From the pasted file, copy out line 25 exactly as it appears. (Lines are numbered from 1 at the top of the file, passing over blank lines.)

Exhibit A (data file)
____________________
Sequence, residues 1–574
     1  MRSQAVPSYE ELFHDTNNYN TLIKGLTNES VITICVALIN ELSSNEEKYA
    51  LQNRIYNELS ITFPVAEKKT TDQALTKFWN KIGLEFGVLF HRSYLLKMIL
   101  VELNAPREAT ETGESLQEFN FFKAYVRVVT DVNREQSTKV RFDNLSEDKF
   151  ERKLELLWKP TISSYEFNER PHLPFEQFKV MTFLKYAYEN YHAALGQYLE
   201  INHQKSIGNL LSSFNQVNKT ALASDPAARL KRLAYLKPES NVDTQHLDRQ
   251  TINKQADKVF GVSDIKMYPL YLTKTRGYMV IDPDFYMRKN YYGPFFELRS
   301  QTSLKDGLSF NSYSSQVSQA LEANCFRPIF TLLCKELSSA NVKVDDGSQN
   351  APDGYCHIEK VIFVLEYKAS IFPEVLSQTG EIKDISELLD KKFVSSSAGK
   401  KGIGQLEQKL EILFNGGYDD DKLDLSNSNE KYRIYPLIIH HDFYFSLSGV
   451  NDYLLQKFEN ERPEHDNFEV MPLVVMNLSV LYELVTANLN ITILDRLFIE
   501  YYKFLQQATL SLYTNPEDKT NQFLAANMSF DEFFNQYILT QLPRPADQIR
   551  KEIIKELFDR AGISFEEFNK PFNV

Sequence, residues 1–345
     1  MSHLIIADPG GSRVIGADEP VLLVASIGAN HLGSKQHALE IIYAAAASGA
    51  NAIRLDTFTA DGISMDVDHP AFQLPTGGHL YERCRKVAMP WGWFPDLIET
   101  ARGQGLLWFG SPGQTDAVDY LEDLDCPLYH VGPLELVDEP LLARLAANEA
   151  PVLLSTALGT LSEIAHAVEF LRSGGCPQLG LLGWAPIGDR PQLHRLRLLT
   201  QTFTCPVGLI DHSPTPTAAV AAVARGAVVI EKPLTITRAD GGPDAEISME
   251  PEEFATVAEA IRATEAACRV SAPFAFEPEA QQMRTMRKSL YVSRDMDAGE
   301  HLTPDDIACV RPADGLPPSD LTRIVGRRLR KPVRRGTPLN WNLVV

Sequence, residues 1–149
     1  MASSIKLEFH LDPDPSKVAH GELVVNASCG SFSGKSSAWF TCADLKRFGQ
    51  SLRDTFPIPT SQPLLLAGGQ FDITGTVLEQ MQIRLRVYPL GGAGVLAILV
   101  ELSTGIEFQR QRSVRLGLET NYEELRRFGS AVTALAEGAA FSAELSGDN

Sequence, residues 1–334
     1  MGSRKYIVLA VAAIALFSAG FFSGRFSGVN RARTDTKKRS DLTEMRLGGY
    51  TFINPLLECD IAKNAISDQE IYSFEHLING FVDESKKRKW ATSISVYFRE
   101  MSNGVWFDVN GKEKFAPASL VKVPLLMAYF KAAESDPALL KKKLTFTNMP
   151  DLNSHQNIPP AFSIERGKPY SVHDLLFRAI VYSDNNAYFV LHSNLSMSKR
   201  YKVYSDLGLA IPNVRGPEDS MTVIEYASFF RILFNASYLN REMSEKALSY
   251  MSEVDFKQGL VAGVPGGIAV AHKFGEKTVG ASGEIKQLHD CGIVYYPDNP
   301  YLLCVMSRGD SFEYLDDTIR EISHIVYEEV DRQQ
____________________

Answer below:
   101  ELSTGIEFQR QRSVRLGLET NYEELRRFGS AVTALAEGAA FSAELSGDN